Controlling OOFs per domain and per mailbox

by Bharat Suneja

OOFs can be controlled per domain using Remote Domain settings. By default, setup creates the default Remote Domain for address space *. (As with Connector namespaces, * translates to all domains for which Exchange isn’t authoritative/has an Accepted Domain for, and doesn’t have an explicit Remote Domain for).

Figure 1: Remote Domains allow control of OOF messages to the internet or specific domains

The choices:
None: OOFs are disabled for the remote domain.
External: Allows only external OOFs to be sent to the remote domain. OOFs created using legacy Outlook clients and those sent by Exchange 2003/2000 servers will be not be allowed. If blocking OOFs to external domains in Exchange 2003/2000, this allows you to restrict legacy Outlook clients from sending OOFs, but allow Outlook 2007/Exchange 2007 users to send external OOFs.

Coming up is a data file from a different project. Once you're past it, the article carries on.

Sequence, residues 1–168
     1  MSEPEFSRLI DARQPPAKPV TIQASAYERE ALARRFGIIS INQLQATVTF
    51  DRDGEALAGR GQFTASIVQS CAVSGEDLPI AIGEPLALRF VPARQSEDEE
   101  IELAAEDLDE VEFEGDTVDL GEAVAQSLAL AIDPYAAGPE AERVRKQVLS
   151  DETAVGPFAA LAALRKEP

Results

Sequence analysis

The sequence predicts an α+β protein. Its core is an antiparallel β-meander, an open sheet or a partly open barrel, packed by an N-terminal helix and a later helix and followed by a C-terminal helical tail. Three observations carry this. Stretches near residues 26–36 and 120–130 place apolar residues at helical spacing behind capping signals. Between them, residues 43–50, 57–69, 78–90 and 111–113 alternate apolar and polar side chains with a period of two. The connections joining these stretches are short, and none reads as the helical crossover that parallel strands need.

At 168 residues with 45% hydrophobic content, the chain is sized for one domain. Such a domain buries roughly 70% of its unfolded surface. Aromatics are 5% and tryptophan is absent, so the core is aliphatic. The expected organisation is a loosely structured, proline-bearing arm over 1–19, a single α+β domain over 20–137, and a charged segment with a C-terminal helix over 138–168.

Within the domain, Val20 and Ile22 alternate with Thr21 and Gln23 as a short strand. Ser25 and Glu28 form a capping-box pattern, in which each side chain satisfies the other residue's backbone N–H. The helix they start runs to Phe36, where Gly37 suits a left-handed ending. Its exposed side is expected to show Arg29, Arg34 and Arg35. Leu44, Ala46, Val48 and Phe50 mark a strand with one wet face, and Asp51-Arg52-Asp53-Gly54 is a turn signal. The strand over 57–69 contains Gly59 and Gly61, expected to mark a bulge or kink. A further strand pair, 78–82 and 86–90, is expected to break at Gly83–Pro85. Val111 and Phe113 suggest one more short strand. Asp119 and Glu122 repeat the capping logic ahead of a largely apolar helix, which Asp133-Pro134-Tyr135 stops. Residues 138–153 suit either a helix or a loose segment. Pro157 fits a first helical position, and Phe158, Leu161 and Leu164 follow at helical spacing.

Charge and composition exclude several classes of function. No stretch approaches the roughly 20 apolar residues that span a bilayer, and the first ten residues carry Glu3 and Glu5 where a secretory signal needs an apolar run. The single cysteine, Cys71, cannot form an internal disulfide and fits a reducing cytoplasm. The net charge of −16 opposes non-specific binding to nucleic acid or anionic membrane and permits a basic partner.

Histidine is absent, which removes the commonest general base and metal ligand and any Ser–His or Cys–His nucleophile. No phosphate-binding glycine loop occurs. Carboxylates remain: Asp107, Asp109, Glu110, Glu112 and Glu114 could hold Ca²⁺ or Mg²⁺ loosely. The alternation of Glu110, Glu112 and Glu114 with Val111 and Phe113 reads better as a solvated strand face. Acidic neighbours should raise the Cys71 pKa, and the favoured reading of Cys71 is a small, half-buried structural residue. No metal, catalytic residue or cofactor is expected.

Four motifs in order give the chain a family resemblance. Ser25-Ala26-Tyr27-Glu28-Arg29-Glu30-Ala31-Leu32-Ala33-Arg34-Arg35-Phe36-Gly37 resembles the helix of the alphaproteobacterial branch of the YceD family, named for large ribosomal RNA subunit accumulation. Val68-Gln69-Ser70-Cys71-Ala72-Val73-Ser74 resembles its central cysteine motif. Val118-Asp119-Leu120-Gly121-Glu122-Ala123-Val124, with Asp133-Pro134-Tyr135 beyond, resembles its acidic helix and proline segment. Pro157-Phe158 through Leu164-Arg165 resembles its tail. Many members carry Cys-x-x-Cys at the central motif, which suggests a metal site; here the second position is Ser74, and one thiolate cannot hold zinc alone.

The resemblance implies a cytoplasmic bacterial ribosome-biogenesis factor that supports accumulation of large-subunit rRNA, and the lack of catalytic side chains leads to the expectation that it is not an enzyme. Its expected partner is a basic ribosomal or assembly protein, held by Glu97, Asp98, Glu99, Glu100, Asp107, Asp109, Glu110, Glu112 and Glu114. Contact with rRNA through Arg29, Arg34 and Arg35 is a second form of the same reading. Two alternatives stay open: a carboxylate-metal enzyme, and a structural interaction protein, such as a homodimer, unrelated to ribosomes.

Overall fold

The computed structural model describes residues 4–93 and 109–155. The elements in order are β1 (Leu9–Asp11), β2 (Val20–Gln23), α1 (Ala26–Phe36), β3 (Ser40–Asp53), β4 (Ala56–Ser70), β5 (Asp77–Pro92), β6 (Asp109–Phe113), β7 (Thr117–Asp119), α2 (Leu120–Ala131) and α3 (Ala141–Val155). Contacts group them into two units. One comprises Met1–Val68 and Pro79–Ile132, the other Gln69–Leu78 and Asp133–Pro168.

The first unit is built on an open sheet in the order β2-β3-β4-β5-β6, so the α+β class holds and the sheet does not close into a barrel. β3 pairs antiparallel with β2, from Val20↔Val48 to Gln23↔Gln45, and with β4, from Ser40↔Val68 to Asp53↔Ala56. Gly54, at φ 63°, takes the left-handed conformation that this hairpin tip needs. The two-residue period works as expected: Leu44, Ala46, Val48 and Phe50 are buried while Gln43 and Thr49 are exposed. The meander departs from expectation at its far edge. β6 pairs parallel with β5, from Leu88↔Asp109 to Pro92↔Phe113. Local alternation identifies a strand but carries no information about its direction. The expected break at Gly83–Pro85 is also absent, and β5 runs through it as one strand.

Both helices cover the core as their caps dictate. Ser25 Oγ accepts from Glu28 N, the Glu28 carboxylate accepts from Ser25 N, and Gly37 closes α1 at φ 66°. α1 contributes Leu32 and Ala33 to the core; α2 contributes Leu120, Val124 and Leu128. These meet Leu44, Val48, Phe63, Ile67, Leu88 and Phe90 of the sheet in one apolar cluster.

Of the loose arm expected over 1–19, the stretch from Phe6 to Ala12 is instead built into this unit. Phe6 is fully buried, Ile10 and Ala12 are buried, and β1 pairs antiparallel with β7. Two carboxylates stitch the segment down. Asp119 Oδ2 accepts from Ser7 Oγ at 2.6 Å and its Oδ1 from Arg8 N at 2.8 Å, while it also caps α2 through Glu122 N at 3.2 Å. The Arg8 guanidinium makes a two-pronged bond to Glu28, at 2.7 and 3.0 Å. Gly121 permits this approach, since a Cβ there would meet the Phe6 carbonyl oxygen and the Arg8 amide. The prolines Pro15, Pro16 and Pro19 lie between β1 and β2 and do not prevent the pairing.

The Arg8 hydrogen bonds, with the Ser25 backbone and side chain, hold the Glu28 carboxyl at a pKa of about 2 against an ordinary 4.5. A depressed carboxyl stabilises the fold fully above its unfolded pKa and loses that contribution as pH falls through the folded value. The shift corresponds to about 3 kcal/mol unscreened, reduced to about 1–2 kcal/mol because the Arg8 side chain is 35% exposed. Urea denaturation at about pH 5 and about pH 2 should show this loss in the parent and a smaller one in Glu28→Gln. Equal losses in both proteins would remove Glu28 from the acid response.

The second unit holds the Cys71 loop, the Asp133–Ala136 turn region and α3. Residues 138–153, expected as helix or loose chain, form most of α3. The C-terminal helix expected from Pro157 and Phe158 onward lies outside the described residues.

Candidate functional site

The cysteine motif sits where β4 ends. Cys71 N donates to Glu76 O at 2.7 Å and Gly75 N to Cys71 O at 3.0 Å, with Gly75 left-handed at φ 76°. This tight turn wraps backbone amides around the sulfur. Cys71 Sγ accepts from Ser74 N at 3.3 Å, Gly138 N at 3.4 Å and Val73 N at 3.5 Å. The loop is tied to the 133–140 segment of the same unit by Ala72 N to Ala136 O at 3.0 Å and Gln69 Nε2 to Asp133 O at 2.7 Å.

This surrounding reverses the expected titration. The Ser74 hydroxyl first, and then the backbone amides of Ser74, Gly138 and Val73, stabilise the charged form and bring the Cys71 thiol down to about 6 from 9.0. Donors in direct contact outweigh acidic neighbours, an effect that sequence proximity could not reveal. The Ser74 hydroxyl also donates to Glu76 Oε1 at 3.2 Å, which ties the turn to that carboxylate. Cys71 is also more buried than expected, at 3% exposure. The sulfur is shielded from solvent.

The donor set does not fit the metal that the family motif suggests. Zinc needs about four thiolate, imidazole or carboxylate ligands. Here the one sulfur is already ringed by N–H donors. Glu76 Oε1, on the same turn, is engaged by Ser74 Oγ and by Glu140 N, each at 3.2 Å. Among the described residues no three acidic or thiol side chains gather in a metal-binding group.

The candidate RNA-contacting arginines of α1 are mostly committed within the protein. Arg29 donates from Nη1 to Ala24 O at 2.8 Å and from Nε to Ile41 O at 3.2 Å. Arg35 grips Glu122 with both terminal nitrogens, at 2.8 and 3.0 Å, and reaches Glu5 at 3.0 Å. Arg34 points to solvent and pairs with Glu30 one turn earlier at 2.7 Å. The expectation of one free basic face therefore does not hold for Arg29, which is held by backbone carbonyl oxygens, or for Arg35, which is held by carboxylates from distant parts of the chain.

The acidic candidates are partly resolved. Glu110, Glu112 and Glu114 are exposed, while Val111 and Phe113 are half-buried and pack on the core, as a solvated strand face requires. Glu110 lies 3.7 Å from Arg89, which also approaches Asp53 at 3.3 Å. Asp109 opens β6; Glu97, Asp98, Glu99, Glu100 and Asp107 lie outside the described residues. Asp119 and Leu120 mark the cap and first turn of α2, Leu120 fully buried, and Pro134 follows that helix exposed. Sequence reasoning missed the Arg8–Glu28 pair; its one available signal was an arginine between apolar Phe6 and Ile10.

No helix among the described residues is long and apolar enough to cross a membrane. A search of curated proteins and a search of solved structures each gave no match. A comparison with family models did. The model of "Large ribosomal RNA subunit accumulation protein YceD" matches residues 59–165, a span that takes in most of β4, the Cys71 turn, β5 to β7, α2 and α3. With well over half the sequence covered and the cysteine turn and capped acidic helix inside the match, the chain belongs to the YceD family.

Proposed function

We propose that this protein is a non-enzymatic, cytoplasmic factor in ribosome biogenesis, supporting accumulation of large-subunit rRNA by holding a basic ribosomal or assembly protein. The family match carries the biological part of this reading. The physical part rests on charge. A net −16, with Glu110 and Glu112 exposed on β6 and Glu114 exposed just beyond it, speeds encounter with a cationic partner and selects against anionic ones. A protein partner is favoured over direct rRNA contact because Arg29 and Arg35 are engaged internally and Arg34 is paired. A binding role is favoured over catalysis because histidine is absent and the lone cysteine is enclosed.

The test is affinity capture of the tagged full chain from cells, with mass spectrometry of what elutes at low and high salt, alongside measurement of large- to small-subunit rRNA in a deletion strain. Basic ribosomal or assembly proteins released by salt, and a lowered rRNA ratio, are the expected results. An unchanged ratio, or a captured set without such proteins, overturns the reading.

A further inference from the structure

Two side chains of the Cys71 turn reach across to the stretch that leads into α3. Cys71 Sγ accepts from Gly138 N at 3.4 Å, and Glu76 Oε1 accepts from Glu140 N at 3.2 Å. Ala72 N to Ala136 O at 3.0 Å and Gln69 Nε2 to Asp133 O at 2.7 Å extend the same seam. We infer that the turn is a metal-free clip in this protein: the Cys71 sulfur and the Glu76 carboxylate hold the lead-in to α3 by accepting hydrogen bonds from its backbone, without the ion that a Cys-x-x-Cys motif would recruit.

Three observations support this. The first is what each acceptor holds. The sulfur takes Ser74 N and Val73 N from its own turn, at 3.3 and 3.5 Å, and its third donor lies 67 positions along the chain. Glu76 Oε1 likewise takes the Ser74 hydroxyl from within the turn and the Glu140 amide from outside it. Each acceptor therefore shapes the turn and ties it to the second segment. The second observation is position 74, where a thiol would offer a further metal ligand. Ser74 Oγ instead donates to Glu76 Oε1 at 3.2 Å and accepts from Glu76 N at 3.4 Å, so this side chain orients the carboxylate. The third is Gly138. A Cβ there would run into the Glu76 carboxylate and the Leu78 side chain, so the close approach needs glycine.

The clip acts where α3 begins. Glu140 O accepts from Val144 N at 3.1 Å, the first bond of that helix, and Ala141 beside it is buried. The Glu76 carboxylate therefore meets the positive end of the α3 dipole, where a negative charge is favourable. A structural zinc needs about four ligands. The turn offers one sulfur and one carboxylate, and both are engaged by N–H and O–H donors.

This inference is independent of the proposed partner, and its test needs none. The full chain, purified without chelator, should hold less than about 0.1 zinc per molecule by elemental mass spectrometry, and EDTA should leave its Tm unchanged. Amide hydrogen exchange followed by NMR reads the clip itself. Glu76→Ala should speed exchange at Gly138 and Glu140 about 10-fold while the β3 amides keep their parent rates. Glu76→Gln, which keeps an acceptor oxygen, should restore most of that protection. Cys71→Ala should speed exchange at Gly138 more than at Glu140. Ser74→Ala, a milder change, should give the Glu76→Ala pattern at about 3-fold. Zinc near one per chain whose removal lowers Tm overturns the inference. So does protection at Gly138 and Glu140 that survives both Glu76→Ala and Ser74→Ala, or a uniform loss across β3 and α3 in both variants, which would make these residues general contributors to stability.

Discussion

ExternalLegacy: Allows external and legacy OOFs to be sent to the remote domain.
InternalLegacy: Allows internal and legacy OOFs to be sent to the remote domain.

Allowing Internal OOFs to Remote Domains

The InternalLegacy setting sends internal OOF messages to a Remote Domain. If verbiage or content of internal OOFs isn’t something you want to share with the outside world, do not use this for Remote Domains.

The InternalLegacy option can be useful in distributed organizations with multiple address spaces and multiple email systems, or specific cases where you may want to share such information with a trusted organization.

Controlling OOFs per-mailbox

Besides the settings in Remote Domains, you can also control external OOFs per-mailbox. This is done using the Set-Mailbox cmdlet. The ExternalOofOptions parameter defaults to External. You can change it to InternalOnly to restrict a mailbox user from sending OOFs outside the organization:

Set-Mailbox [email protected] -ExternalOofOptions InternalOnly

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